Union Home Minister Amit Shah last week introduced three Bills in Lok Sabha in a bid to “overhaul colonial-era criminal laws” to fight crime against women. The three bills were introduced to replace the Indian Penal Code, Code of Criminal Procedure and Indian Evidence Act.
One of the bills introduced seek to impose stricter penalties for those who marry women by hiding their identity or engaging in sexual intercourse under the “false promise of marriage, promotion or employment”. The said bill, termed Bhartiya Nyaya Sanhita (BNS), if passed, will replace the IPC so as to “strengthen the laws to fight crime against women”.
Home Minister said in cases of gang rape, the legal framework will now include penalties of either 20 years’ incarceration or lifelong imprisonment.
Moreover, if the victim is a minor, the bill stipulates the possibility of a death sentence for the perpetrator.
“The statement of the victim has been made compulsory in cases of sexual violence and the video recording of the statement has also been made compulsory in cases of sexual harassment,” Shah said.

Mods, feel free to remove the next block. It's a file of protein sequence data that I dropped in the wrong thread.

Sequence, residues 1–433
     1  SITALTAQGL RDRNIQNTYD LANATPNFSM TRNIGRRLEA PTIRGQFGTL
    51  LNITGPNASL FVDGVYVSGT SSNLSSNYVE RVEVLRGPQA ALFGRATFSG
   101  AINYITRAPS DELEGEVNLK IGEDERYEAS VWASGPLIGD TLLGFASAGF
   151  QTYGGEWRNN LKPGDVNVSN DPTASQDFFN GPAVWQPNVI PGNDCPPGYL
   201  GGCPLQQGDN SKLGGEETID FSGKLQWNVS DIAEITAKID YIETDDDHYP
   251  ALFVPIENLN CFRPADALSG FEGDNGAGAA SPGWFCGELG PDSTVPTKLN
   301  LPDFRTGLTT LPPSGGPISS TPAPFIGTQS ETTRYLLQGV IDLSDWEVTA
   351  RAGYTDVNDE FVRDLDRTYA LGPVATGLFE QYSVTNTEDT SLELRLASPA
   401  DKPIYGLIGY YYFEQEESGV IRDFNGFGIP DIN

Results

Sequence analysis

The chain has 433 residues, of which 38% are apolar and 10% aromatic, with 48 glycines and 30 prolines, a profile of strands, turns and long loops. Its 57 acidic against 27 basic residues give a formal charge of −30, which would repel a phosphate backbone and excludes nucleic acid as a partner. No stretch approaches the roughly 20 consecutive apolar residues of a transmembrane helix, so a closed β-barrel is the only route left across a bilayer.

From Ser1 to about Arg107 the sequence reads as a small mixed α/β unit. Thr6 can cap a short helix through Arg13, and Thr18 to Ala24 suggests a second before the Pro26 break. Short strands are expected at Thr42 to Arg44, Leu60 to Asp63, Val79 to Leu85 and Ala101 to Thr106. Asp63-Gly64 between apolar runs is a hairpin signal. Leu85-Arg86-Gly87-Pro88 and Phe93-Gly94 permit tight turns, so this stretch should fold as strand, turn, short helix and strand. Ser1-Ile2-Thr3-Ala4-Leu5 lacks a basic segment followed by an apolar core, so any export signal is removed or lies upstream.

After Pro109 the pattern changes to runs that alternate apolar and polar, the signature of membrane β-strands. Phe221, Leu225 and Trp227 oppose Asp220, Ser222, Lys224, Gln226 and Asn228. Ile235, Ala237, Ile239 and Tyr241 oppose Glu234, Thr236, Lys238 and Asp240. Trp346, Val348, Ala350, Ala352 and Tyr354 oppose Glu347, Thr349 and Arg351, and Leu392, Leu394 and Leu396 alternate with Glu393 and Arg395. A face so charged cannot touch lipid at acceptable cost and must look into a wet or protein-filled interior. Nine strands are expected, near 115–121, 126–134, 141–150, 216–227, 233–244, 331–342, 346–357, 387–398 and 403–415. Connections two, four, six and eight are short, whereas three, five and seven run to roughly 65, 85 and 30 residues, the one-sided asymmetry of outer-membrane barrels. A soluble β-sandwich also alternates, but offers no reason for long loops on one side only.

“It will be compulsory for the police to give the status of the complaint in 90 days and thereafter every 15 days, to the complainant,” he added.
The bill has been met with jubilation and trepidation from all quarters. According to a report in The Guardian, certain legal professionals have criticized the renewed emphasis on crimes against women as “nothing more than a recycled concept”. They said the fundamental provisions largely remain unchanged. For instance, the punishment for gang rape—20 years of imprisonment or life sentence—mirrors the existing law.
The recently introduced legislation also defines consent. However, the new law does not acknowledge marital rape as a criminal act.
Legal experts speaking to The Guardian said the bills, if approved, simply moved existing provisions around. But those in favour said they enabled fresh discussions on the need to reform laws protecting women and girls. They said the new bill also increased transparency on criminal codes.
While the bill has been sent for further deliberation, it is likely that the government might have overcommitted. As legal experts claimed, the Indian judiciary system is already overburned. Introducing new laws will only put more pressure on the judicial system to try the old cases on the basis of reading the new sections.